Tuesday, July 9, 2013 |
Joe Muto's memoir chronicles his experiences working at FOX News. (John Cook/Associated Press)
The segment opens with a clip of The O'Reilly Factor host Bill O'Reilly and Geraldo Rivera squaring off on illegal immigration. When asked what it was like to work on O'Reilly's prime time show, Muto told guest host Rick MacInnes-Rae that it's well known that O'Reilly has a temper. "But what's amazing was how much of a hair trigger he was on. Anything could set him off...Anything from a production error with the show to getting his lunch order wrong," Muto said. "There was this sense everyone on the staff was walking on eggshells around him."
What was it like being a closet liberal in a right-wing environment? Muto indicated that some of the staff were actually more inclined to left wing views but they weren't open about it. "There was a real paranoia amongst the staff there that we had to keep our views to ourselves or else we'd be ousted from the company, basically," he said. There were even rumours that the company president had bugged the newsroom.
Muto revealed that what people might find surprising about the pitch meetings for O'Reilly's show is that "they're not so much ideologically focused as they are ratings focused. He's looking for whatever story will bring him viewers."
Muto believes that Fox News became so successful because "it is a louder, angrier, more forceful broadcast. And I think that appeals to people who were tired of CNN's, you know, wishy-washiness. There's an appeal to people who want their news very opinionated and in your face."
The network was founded by Roger Ailes and Rupert Murdoch, who looked at the success of talk radio and believed that that kind of program had a place in the cable news industry. The business model was also founded on hiring the cheapest labour.
Although conditions at Fox News weren't great, Muto stuck it out for eight years -- in part simply because of the nature of the job. "Broadcasting can be a very exciting, thrilling industry, especially in live news," he said. "I don't want to give the impression that I was miserable there every day of my life."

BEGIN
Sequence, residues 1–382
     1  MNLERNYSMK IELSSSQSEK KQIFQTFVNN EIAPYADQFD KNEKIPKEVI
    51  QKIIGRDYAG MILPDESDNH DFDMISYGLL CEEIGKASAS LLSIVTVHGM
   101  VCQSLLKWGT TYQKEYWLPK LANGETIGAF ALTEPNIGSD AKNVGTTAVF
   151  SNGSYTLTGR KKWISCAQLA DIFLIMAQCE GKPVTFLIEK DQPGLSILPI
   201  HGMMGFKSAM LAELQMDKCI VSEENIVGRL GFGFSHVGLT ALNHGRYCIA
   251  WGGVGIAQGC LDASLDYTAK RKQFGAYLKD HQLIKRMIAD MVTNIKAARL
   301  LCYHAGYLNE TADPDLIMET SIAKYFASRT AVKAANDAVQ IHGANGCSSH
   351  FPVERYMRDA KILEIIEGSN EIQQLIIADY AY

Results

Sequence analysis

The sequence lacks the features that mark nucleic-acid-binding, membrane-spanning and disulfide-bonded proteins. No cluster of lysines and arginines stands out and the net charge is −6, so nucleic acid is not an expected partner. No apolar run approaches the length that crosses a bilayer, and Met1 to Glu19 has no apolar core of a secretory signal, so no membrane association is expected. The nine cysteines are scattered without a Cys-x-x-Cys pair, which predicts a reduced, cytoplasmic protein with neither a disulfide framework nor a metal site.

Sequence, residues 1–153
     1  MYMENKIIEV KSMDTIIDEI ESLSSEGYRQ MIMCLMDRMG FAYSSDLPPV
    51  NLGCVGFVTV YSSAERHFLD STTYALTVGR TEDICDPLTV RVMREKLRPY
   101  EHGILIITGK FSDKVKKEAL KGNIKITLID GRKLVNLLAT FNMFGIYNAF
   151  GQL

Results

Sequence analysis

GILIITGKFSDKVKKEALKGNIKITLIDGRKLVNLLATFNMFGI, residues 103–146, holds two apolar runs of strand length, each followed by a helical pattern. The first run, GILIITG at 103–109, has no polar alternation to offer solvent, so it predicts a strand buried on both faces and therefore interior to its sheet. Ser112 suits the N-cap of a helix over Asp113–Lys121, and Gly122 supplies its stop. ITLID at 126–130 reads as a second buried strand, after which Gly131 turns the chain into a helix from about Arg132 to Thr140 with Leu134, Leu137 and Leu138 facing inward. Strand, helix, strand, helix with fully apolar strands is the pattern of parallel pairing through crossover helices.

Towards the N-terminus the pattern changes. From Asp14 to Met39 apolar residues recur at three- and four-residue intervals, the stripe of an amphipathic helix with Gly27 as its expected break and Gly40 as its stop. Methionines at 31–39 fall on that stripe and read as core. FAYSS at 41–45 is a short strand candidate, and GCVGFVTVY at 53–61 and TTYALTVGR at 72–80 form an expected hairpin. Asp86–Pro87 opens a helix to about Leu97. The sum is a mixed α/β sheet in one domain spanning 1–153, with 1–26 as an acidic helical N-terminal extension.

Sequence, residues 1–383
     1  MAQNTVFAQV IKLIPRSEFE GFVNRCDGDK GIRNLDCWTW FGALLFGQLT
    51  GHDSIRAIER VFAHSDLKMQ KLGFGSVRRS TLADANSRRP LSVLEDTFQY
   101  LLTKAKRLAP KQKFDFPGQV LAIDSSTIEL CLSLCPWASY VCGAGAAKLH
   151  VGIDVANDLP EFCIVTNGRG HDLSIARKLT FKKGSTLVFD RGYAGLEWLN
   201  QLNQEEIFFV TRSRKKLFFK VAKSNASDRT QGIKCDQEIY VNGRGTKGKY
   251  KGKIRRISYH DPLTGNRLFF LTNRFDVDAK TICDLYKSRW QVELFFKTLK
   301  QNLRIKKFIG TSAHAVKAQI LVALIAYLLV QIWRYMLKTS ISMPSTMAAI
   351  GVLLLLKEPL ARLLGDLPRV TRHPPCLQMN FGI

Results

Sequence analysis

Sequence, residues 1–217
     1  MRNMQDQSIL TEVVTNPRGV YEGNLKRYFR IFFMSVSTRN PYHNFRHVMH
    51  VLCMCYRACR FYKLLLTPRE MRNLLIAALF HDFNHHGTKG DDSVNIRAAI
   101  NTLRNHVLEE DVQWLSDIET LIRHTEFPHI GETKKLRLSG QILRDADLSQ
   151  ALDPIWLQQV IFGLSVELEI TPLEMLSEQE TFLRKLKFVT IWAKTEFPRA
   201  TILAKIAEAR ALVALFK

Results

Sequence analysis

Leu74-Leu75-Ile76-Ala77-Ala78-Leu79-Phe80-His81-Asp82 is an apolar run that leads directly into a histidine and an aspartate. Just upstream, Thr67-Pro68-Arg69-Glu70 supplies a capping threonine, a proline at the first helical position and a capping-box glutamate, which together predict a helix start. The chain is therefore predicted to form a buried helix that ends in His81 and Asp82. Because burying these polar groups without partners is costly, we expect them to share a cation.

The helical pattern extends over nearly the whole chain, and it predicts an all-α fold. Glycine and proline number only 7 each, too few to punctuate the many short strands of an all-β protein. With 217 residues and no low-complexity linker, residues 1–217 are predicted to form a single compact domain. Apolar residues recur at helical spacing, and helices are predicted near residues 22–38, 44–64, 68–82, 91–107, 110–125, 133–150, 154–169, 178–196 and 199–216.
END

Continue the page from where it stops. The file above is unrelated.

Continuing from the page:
The network's slogan is "fair and balanced," but staffers "used it as a joke," Muto said. He pointed out that even conservative producers didn't take it seriously. "They knew that our job was not to be fair and balanced. Our job was to serve up 'red meat' to our viewers, and to sort of outrage them and spin the news in a way that they would find palatable and get higher ratings...We called it 'stirring up the crazies' sometimes."
Muto recalled when former Alaska governor Sarah Palin was hired by the network. On her first day there, "it was like a conquering hero returning from war. There were people lining the hallways waiting for her to walk down. There was applause as she was going down the hallway and she was sort of waving like a beauty queen on a parade float," he said.
Muto went on to comment that Palin was very good at working a room, and had charisma. But the "big knock against her" was that she wasn't willing to do any of the background work needed, so "she was completely unprepared every time she was on air."
In 2011, Muto became uncomfortable with how far to the right the network had moved, and he started looking for a new job. He came across Gawker, and inquired about working there. But they wanted him to work for them while still at Fox. "In my mind, the mole thing was never supposed to be a huge thing. It was supposed to be just a series of dumb, jokey blog posts that gave an insider's view of what it's like to work at the network, but nothing that was going to bring down the network from the inside or anything conspiratorial like that," Muto said.
Muto leaked a few videos, including one of former Republican presidential candidate Mitt Romney talking about how much he loved his pet horses. Word got out that there was a mole at Fox, and "before I knew it, this dumb blog series was being talked about on the Today Show and in the New York Times," he said.
Fox traced the leaks to Muto, and he was fired. The network also tried to have him charged with theft. Muto said he agreed to be a mole without really thinking much about the ramifications, and that he has a different view of it now. "I would not become a mole again," he said. "I did not set out to get myself into legal trouble. I never thought that it would lead to me to being charged with anything."
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